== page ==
State Economic Development Secretary Rick Homans addresses the audience Thursday morning at Portales City Hall. Homans was visiting Clovis and Portales as part of a trip throughout southeastern New Mexico on Thursday.
By David Irvin: CNJ staff writer
Movies and cheese were the main topics of conversation Thursday when area officials met with the state’s top economic development official.
Much of the discussion with local officials from the Clovis/Curry County Chamber and Clovis Industrial Development Corp. revolved around how eastern New Mexico can attract more movie makers.
“The more (crews) we get, our feeling is the more films we’ll get,” said Rick Homans, the state’s secretary of economic development, who was traveling around the state touting three legislative priorities.
Homans said the key to unlocking the film business on the High Plains is developing training programs, thereby deepening the number of qualified crew members.
Clovis/Curry County Chamber Executive Director Ernie Kos agreed.
“I think that would be a huge incentive for movies that are looking at locations if we could say that we have a skilled labor force (in Clovis),” Kos said.
She said developing Clovis into a film destination is a big priority for the chamber in 2005.
New Mexico’s loss of the feature film, “Every Word is True,” with its reported $70 million budget, to Austin, Texas, underscored the need to pursue an aggressive training program, the secretary said.
“In the future we want to have as much of the crew to come from local communities (as possible),” Homans said.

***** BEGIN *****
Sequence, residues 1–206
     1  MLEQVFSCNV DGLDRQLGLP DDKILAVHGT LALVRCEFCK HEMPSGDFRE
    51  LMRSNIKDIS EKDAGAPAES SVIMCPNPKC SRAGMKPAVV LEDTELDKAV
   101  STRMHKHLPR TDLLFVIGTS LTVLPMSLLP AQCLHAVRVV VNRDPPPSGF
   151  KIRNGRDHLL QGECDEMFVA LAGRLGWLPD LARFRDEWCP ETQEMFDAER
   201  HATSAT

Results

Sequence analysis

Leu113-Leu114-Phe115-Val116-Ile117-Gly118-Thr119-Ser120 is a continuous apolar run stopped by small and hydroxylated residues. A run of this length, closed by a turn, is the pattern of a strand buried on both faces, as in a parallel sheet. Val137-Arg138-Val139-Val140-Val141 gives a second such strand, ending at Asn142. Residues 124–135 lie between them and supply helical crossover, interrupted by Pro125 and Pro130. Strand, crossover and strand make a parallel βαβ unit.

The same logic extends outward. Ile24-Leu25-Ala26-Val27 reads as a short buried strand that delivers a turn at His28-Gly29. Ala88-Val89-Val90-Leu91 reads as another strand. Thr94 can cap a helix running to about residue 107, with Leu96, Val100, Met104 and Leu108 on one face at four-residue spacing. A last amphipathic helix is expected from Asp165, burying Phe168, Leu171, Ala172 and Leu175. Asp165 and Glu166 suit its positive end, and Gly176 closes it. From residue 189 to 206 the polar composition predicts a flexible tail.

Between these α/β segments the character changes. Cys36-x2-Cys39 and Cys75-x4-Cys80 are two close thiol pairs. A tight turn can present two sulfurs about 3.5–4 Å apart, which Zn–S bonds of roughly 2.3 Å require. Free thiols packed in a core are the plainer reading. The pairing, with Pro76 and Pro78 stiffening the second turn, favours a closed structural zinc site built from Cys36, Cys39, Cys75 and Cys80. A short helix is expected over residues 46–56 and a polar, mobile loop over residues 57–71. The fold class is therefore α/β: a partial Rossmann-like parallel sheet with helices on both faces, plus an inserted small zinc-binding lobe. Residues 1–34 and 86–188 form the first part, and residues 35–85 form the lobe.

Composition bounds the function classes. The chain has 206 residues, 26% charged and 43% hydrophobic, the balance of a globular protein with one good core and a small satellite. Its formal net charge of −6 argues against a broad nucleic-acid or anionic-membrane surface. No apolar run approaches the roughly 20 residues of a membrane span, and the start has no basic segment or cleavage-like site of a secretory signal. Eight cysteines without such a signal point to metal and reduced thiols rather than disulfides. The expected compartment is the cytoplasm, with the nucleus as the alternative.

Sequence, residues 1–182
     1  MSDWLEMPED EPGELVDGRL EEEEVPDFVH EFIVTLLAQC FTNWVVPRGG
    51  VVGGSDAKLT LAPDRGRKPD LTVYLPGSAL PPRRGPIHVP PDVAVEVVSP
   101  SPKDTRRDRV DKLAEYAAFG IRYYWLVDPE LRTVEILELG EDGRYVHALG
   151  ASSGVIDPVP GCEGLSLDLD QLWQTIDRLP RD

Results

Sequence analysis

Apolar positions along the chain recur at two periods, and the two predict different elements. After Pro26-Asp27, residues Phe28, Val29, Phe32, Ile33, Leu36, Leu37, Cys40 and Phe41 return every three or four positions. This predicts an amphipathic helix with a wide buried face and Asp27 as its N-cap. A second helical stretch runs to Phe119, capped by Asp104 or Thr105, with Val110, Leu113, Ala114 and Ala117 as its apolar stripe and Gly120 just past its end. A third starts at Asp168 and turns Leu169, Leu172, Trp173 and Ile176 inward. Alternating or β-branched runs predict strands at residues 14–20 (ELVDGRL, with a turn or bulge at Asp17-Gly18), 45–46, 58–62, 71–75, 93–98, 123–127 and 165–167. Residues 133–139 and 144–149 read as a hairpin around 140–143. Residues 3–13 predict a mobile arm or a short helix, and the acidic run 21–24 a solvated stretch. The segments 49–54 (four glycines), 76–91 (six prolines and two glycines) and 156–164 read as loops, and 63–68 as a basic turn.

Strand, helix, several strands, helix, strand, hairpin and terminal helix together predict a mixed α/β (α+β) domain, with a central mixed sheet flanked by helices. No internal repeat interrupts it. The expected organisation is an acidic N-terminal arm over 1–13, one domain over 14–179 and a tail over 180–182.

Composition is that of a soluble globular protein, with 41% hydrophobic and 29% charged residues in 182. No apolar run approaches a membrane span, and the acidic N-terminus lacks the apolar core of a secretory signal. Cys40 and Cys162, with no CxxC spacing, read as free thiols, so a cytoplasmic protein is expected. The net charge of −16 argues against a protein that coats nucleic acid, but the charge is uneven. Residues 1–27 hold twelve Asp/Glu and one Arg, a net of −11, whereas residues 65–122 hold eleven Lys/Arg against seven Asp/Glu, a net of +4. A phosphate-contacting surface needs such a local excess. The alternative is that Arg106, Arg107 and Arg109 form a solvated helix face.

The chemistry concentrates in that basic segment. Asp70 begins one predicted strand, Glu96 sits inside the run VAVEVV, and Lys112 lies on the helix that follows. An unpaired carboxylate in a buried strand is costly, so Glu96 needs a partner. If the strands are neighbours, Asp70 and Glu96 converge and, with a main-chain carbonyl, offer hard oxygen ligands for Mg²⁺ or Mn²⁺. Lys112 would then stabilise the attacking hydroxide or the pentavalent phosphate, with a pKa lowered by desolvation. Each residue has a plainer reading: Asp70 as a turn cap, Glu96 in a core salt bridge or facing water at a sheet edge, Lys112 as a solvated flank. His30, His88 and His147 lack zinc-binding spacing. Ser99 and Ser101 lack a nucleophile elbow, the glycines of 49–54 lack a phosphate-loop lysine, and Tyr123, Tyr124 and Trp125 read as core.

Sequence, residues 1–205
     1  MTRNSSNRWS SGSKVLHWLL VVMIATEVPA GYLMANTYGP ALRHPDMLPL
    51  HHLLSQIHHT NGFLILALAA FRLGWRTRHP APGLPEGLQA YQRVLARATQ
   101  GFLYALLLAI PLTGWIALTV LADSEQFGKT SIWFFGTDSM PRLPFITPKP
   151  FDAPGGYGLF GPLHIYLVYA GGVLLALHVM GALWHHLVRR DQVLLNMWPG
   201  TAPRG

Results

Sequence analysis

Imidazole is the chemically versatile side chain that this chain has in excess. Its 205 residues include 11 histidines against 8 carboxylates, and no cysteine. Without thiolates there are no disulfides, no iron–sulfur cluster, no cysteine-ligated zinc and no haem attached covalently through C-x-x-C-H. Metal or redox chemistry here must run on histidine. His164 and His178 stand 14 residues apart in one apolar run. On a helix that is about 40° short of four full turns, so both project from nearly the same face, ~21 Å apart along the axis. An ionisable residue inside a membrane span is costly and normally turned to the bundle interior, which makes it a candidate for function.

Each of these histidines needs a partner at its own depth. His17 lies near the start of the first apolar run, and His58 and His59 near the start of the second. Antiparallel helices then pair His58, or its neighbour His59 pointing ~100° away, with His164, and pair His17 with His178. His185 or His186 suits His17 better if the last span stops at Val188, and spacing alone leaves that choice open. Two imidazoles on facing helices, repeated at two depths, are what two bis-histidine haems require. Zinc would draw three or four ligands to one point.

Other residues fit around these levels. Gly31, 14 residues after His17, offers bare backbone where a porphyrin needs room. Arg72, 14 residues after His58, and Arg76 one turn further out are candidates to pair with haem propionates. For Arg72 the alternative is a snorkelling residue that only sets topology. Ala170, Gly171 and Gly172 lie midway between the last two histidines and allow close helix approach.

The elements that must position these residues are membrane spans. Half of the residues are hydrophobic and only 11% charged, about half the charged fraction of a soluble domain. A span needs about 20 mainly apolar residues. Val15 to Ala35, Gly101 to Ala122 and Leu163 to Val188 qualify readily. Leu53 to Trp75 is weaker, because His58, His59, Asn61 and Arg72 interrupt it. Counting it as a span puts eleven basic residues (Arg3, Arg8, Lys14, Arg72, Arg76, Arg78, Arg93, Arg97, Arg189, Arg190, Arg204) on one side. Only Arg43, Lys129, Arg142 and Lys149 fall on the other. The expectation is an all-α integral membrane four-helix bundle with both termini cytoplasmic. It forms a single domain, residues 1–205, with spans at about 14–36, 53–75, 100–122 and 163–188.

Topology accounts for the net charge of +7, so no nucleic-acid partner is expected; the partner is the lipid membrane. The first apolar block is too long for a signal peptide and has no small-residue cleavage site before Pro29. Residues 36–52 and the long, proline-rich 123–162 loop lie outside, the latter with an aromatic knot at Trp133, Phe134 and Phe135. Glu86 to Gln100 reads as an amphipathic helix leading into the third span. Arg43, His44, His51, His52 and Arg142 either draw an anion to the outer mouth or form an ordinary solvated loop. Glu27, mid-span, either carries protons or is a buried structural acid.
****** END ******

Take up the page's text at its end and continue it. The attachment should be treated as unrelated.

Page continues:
Among the communities in New Mexico producers scouted for the film was Clovis, but film officials in December made the decision to film in Texas.
Among the stars reported to be in the film are Sandra Bullock, Gwyneth Paltrow, Kevin Kline and Ashley Judd.
Initially crew members wanted to film the drama, about a writer’s relationship with two convicted murders, in New Mexico, Curry County Chamber of Commerce officials said in November.
After the filming of “Believe in Me,” in Clovis, Kos said she’d like to see Clovis turn into a little movie community, a Hollywood on the Plains so to speak.
Homans said public school programs in other cities — Deming, for example — train students to be crew members and prepare them for the movie business.
But movies aren’t the only big business to embrace Clovis this past year.
Homans said the additional economic activity resulting from the Southwest Cheese plant is creating new opportunities for the area and spin-off businesses.
Clovis and Portales economic officials are doing well to keep up with all of the economic “ripple” effect, he said.
“You hit on all cylinders, and this is the time to keep that up,” he said.
After visiting Portales, Homans was scheduled to fly to Lovington and Hobbs. Clovis will be presented with a certified community award Jan. 24 in Santa Fe.
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Homans also outlined three legislative priorities for the administration:
• Institute the smart money initiative partnership between the New Mexico Finance Authority and the economic development department. The initiative would provide a $30 million fund used for loan guarantees, reducing the risk for banks and allowing them to invest in growth projects.
“A program like this would be the missing piece of the puzzle that would make the project come together and move forward,” he said.
• Extend the rural jobs tax credit permanently. The tax credit provides an employer with a $1,000 credit for four years on every new job created.
• Push through a research and development credit that would give startup technology companies a three-year tax holiday. This will provide a good environment for entrepreneurs and startup businesses, Homans said.